DGE Young Microscopists, abbreviated yDGE, is a working group within the German Society for Electron Microscopy (DGE) for students, doctoral researchers, as well as early-career post-doctoral researchers and professionals. In January 2022, we started as a small (but all the more motivated) group of peers. Our vision was, and still is, to promote scientific and social exchange, interaction and networking between young microscopists, around Germany, Europe and the World!
One way for us to do this is to organize symposia in which young researchers are given the chance to present their work in an open-minded and interdisciplinary atmosphere. This interdisciplinarity is also reflected in our committee members, who come from a variety of backgrounds, including Life Sciences, Physical Sciences and Material Sciences. The first in-person yDGE symposium was hosted at this year’s microscopy conference (MC 2023), which took place in Darmstadt, Germany. It involved interesting talks from our participants as well as short courses on scientific writing and industry career opportunities.
In addition, because the social aspects of the research world should not be omitted, we regularly hold informal virtual events where, for instance, we play team games together. Thanks to our collaborations with other Young Microscopists associations from across the globe, we can then bring scientist peers from different backgrounds and countries together.
If we have attracted your interest in our activities, check out our website at ydge.de! There, you will find a list of our social media accounts, our mailing list, as well as a section with useful links that span the fields from learning resources, hardware and software, to conferences on electron microscopy. To extend this list in the coming years, any contribution is appreciated. Simply reach out to us, via email@example.com.
We plan to host further events in the future and are looking forward to meeting you soon, either virtually or in-person!
As great an experience conferences are, during our first in-person symposium, it became clear to us that they can be quite overwhelming for young researchers. If you are a first-timer at a conference, check out our conference tips:
- Don’t worry: A conference can be overwhelming, lots of people, a large venue, many parallel sessions. Just observe and experience.
- Search the conference agenda for opportunities to connect to other students at Young Scientists events. These can be called student mixers and/or can be organized by the ‘youth association’ of the conference’s parent organization (eg. DGE/yDGE).
- Look through the program and find out which sessions you definitely don’t want to miss.
- If you are giving a talk, practice it several times before the event, with or without an audience.
- Dress code? It’s a science event, which means that, in most cases, you will not be expected to wear anything different from what you would wear to go to your office! During your own presentation, it could nevertheless be wise to look a bit more professional (sorts of ‘smart casual’, suits or costumes not needed).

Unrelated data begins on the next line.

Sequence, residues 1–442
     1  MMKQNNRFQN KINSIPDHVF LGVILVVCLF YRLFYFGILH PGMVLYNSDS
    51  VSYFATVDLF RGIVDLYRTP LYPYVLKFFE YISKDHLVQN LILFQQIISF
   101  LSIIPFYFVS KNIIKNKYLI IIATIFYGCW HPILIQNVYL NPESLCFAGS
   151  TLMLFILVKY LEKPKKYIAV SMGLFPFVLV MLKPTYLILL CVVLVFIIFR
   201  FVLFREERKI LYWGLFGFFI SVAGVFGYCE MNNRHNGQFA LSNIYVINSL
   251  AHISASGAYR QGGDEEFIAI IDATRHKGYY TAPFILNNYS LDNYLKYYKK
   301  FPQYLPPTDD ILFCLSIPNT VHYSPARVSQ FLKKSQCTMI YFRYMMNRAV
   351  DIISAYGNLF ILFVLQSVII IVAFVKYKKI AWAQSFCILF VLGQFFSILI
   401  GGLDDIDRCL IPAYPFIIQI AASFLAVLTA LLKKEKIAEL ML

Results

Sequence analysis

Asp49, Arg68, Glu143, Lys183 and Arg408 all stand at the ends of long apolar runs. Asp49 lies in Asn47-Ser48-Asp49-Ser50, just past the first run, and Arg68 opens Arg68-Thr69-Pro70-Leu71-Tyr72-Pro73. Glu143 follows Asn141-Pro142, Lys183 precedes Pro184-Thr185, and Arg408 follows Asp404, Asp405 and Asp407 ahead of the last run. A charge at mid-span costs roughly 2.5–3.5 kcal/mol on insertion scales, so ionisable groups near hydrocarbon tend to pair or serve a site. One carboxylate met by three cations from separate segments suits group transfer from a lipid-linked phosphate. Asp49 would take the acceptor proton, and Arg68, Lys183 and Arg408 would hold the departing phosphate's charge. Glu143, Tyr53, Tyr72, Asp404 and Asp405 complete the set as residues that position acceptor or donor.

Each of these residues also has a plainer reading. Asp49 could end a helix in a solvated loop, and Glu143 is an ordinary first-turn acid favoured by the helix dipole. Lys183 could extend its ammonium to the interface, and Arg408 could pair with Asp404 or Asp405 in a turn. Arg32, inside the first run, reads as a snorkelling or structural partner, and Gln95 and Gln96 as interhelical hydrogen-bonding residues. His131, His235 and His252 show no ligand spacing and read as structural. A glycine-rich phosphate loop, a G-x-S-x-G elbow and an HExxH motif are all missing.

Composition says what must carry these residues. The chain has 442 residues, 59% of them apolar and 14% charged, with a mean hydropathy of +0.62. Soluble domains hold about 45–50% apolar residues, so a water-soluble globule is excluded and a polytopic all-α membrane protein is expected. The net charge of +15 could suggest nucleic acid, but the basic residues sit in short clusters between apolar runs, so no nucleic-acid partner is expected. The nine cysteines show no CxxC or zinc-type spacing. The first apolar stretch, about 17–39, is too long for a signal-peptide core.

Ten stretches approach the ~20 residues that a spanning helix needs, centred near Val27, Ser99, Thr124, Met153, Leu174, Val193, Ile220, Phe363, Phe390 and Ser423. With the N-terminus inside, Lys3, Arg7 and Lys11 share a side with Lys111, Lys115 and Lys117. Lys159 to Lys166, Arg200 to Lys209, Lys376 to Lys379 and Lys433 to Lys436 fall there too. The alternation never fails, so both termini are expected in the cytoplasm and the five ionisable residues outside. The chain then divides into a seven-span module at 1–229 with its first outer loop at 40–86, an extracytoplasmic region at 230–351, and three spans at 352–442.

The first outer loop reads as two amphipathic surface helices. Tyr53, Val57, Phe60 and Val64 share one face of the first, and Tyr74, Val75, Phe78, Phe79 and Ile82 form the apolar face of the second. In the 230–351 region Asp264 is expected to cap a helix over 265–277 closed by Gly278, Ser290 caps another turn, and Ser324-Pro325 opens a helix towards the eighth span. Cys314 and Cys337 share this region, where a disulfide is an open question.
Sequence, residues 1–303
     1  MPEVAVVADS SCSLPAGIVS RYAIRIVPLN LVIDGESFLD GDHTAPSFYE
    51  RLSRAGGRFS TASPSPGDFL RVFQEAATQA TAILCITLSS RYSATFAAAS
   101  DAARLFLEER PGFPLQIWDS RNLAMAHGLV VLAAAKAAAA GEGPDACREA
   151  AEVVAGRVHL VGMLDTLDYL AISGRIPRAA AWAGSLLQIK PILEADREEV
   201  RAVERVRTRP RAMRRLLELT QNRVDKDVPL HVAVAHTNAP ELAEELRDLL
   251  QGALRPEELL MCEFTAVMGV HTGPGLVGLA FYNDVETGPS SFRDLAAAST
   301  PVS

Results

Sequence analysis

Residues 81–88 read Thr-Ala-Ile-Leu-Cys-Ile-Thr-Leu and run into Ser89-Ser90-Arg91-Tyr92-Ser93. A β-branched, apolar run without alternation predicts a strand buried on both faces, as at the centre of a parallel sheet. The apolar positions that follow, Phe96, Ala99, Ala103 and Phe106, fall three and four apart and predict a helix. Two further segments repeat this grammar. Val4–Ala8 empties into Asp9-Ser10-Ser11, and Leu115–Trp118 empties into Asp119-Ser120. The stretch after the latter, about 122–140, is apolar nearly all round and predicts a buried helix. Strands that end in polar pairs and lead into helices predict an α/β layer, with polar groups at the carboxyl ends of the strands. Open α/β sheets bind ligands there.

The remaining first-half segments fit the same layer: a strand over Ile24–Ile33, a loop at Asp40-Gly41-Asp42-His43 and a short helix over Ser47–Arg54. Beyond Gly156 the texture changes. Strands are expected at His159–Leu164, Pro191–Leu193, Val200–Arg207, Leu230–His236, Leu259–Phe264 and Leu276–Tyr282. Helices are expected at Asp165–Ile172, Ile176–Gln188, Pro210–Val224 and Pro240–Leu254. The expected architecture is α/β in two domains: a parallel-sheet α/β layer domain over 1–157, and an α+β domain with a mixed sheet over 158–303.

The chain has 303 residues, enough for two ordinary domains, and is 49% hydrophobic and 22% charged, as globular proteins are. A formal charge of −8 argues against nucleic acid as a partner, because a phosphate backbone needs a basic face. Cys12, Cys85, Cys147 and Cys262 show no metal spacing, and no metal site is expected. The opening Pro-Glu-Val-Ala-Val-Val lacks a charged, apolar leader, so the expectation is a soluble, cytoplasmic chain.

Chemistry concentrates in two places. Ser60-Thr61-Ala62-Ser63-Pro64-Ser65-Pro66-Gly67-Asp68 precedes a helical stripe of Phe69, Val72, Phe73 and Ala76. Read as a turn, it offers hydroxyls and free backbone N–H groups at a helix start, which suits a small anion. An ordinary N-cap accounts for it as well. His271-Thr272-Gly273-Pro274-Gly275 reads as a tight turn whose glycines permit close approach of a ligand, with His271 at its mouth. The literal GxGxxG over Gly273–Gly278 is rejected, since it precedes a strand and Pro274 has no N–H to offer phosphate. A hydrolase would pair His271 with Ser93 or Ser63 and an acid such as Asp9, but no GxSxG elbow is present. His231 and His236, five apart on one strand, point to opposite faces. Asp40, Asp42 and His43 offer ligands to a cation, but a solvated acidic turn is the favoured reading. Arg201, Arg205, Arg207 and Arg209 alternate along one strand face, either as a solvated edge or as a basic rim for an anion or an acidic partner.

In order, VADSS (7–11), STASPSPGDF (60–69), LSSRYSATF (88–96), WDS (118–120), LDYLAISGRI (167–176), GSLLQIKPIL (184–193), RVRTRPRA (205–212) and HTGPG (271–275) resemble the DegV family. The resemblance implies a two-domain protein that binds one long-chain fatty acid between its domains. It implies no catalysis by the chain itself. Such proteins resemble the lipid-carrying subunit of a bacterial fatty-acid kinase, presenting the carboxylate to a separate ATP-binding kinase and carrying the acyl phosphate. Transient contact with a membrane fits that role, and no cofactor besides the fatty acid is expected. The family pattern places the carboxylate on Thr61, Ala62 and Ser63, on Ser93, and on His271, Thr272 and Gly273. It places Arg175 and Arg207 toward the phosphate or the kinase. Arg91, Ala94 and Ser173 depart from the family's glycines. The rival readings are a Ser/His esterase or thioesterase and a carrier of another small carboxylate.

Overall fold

- If the answer really gives you no peace: Check out the photos from past conferences in your field. You can usually get a good feeling on what the dress code consensus is.
- You will usually walk around a lot: Wear comfortable shoes.
- The venue could be overly air-conditioned → be prepared and bring a sweater or jacket.
- During the conference:
- Find out where you will get food and beverages (lunchtime lectures, coffee breaks, shops around the venue). Remember, as coffee is the main fuel for researchers to remain attentive during the whole event, the table where it is kept is also its center of gravity!
- Try to connect known names to faces.
- Poster sessions are especially useful to make contact, and presenters are usually happy if you reach out to them. Simply saying that you’re new to the field and asking if they can briefly say what their work is about is OK!
- If you are presenting a poster yourself and don’t know how to go about presenting it, understand that most of the attendants will walk around the room, screening posters and trying to find one that truly catches their eye, and will only stop when they have found it. If the poster in question is yours, just stand close and be ready to answer questions if they arise. Your poster should be self-explanatory. If you jump immediately at the opportunity to talk for five minutes straight, this defeats its purpose!
- Use the talks and posters to collect the names of researchers who do things relevant to your own work. Collect paper references as well and look them up later.
- Last but not least, keep in mind that a conference can be the highlight of your time as a researcher and that there is a social component to them (conference dinners, informal meet-ups, discussions around a coffee, etc…). Don’t forget to enjoy your time there!
- Remember: You are not the only first-timer at the conference!